However, for most babies, where resuscitation was attempted it was delivered effectively by clinical staff present at the delivery based on the Neonatal Life Support programme, said the report.

Overall, the report concluded that the quality of bereavement care was variable, with a lack of joint midwifery, obstetric and neonatal input.

Meanwhile, one in three neonatal deaths did not have a post-mortem examination or placental histology carried out, and the majority of reviews into intrapartum-related deaths were of poor quality and did not follow guidance for serious incident reviews.

The report’s publication comes as health secretary Jeremy Hunt announced a new maternity strategy to reduce the number of stillbirths – Safer maternity care: progress and next steps.

Independent investigation is to be offered to families who suffer stillbirth or life-changing injuries to their babies, along with other measures to cut stillbirths, Mr Hunt said in a speech today.

Commenting on the MBRRACE-UK findings, the Royal College of Midwives said it welcomed the report and recognised the achievement in an overall reduction in stillbirths and neonatal deaths.

“There is however much to take away from its findings that will go towards not only helping midwives, but the entire maternity team improve how they deliver the safest possible care for women and their babies,” said RCM chief executive and general secretary Gill Walton.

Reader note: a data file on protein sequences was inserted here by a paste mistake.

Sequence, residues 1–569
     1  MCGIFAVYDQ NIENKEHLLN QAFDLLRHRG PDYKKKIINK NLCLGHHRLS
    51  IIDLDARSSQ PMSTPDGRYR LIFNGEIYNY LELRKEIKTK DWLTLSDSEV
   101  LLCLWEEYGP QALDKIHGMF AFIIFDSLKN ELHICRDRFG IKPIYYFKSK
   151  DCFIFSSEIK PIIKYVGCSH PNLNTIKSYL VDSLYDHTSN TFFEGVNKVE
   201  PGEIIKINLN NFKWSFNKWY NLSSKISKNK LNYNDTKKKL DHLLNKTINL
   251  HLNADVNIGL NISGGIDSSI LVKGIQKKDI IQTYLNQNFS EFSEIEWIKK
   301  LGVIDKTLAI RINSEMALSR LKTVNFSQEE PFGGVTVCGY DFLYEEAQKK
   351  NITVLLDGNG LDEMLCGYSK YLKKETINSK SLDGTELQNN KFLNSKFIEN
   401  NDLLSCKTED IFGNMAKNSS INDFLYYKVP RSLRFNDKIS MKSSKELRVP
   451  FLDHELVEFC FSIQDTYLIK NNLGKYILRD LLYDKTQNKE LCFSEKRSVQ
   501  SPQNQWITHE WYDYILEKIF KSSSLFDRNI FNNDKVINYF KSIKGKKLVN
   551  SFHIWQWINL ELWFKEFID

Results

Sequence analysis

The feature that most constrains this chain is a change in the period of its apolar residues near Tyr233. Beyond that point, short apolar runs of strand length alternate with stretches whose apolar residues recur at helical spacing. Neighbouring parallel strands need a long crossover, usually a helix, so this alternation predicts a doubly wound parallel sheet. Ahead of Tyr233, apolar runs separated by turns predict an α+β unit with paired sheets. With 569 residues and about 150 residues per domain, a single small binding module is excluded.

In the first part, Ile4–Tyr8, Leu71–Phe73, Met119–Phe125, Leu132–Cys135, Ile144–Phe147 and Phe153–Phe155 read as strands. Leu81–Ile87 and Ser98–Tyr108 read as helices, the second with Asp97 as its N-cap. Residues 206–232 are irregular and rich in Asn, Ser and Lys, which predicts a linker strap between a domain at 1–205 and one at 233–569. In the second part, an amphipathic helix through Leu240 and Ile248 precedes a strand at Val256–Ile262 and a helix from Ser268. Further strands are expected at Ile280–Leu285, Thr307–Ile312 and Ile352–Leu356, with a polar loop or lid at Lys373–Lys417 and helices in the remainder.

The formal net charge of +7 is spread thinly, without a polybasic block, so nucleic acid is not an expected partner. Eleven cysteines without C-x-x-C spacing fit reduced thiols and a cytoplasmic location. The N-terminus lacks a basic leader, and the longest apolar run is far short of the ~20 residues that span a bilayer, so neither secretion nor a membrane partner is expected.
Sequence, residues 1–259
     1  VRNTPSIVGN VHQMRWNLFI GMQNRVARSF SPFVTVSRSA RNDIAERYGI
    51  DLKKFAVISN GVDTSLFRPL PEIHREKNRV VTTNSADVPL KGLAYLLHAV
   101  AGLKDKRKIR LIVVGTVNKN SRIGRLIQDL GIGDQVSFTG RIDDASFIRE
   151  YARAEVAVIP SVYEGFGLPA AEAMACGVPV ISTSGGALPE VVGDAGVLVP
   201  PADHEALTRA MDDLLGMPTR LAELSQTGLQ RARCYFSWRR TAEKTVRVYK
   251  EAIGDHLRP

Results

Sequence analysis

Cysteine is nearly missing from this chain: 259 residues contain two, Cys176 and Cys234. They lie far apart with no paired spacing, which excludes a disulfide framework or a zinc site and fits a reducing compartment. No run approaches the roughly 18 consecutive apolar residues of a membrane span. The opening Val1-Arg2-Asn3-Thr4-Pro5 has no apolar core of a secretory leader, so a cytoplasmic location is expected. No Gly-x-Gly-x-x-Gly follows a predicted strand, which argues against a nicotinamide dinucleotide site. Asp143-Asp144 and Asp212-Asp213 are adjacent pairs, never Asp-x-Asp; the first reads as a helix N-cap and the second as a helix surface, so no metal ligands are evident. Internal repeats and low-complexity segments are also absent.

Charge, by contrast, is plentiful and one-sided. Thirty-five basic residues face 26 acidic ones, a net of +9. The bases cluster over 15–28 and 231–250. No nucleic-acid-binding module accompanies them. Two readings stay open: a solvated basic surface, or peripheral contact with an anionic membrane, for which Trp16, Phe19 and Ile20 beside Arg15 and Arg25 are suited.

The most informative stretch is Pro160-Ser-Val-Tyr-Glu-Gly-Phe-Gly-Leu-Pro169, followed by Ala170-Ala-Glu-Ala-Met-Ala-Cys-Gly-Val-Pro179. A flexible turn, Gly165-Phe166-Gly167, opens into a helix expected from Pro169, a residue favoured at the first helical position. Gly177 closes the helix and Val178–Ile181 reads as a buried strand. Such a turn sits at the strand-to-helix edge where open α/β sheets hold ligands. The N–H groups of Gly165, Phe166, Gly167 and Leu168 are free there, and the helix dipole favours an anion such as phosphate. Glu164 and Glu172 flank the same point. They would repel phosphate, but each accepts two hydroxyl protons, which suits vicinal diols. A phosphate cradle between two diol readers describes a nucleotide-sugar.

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Gill Walton

“It is concerning that the report found that staffing levels and capacity contributed to some of the poor outcomes particularly around the time of labour and birth,” said Ms Walton.

“The increasing complexity of women being cared for in our maternity services exacerbates this issue,” she said. “We must ensure we have enough midwives and obstetricians to provide safe care throughout the maternity pathway and adequate facilities in all birth settings.”

She added: “The RCM believes that there needs to be a supernumerary labour ward co-ordinator in place in every single maternity service to have a helicopter view of birth activity in all settings and we have already begun leading on work in partnership with NHS Improvement.

Professor Lesley Regan, president of the Royal College of Obstetricians and Gynaecologists, said: “Despite the fall in stillbirth and neonatal mortality, these deaths remain a major cause for concern.

“The finding that for 80% of babies, different care may have led to a different outcome, echoes the findings from the RCOG’s Each Baby Counts programme,” she said.

She added: “It is crucial that lessons are learnt from each death and that frontline staff are given the resources they need to deliver safe care to every woman and baby.”

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Readers' comments (1)

  • Not happy that my granddaughter was delivered onto her mother’s chest while bathed in meconium only to be discovered not breathing minutesleter rather than taken away for her airways to be reviewed as they were prior to this first contact rubbish. Not sure PC and University ‘training’ isn’t more to blame than staffing